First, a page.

Posted Monday, July 22, 2013 10:48 AM | Contributed by CoasterDaddy
According to reports on Twitter, numerous people heard a loud banging noise as a bolt fell from the ride and supposedly landed on the roof of the enclosed queue line. Shortly afterwards, images began to circulate on Twitter showing the obvious gap between two rails on the track, in between the first inverted drop and the first dive loop.
Read more from Towers Times.
Apparently the theme park gods were pretty upset this weekend. Maybe they're finally tired of TPR?
That looked pretty serious to me. I wonder if it may end up be like the zero-g-roll on Maverick, where they had to remove that section of track, and re-profile the ride. If anything, they will probably at least have to take that one section out, to see if there is any other damage to it, so they can safely re-assemble it.
Anyone know what the outcome was, or if the ride has re-opened? Seems to be a bad year for park rides all round.
^^ Timber-Rider, it seems like a lot of bad things are happening, but there are usually a few incidents per summer, varying in severity. I will say though that that is the first time I've seen a track separation. Glad no one was hurt.
I'm going to agree with Timber-Rider, this season has been pretty atypical in terms of the number of "bad things." Marquee rides that have gone down (just offhand, include Toro, SFoT Shockwave, NTG (with Rattler), Shoot the Rapids, I-305, Smiler. Fires at Camden and Conneaut, Carowinds water problems (loss of water service).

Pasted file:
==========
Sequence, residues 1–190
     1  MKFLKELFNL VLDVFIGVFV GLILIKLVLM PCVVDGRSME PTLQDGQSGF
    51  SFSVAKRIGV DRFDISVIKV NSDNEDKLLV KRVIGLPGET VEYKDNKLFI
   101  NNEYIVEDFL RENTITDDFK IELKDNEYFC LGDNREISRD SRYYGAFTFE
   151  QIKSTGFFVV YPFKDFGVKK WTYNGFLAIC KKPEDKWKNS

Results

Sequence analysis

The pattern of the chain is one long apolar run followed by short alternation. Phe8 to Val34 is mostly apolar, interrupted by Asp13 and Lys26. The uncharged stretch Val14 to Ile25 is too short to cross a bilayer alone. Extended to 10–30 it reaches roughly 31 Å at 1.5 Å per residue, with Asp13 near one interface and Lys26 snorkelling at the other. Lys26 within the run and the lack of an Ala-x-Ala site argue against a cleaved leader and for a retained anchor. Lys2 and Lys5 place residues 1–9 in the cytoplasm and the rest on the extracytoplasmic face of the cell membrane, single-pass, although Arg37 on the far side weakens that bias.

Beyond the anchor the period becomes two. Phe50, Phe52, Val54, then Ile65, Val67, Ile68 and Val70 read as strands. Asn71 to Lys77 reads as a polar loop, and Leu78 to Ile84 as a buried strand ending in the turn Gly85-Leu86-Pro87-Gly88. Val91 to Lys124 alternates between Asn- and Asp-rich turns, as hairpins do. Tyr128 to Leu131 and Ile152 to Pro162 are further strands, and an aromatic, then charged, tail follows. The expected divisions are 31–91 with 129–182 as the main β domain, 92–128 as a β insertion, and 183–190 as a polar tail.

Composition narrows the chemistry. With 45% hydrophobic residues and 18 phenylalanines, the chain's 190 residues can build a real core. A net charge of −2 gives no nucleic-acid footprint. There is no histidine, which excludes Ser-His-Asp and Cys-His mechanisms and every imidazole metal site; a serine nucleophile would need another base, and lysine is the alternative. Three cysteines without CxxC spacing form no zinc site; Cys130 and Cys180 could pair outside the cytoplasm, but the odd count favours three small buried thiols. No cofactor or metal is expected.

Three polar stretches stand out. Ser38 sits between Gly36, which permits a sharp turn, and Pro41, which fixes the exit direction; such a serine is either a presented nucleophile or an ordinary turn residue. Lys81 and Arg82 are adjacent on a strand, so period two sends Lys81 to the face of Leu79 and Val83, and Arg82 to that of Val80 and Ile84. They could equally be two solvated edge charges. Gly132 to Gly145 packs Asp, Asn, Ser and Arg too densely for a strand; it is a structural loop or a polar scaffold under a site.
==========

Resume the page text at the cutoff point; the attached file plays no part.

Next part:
I know I'm missing some...been a pretty busy year, and not in the good way.
Yeah when I saw the pictures of Smiler it looked pretty disastrous. It's the sort of thing that people that fear coasters are afraid will happen. Was it a construction error, some new guy who didn't know how to weld or something, or was it the engineering? That's a major error for the engineering firm, considering they're supposed to work in double or triple safety standards.
The ride was only closed three days...
I rode it shortly afterwards. Most it was okay, but three of the inversions were very violent. I'm guessing one of them was where the separation occurred; it's obvious that the track fabrication isn't exactly perfect there.
That picture looks like a still shot from Final Destination 3.
bjames, that separation is what happens when a bolt breaks and falls out. It wasn't a fabrication error, but it might have been an assembly error.
When bolts are torqued properly, they stretch slightly and behave like really strong springs, holding components together rigidly, so that they behave as a single unit. If the bolt is loose, movement of the bolted parts can apply impact loads that can cause the bolt to fail. Which at a casual glance from several thousand miles away appears to be what happened here.
--Dave Althoff, Jr.
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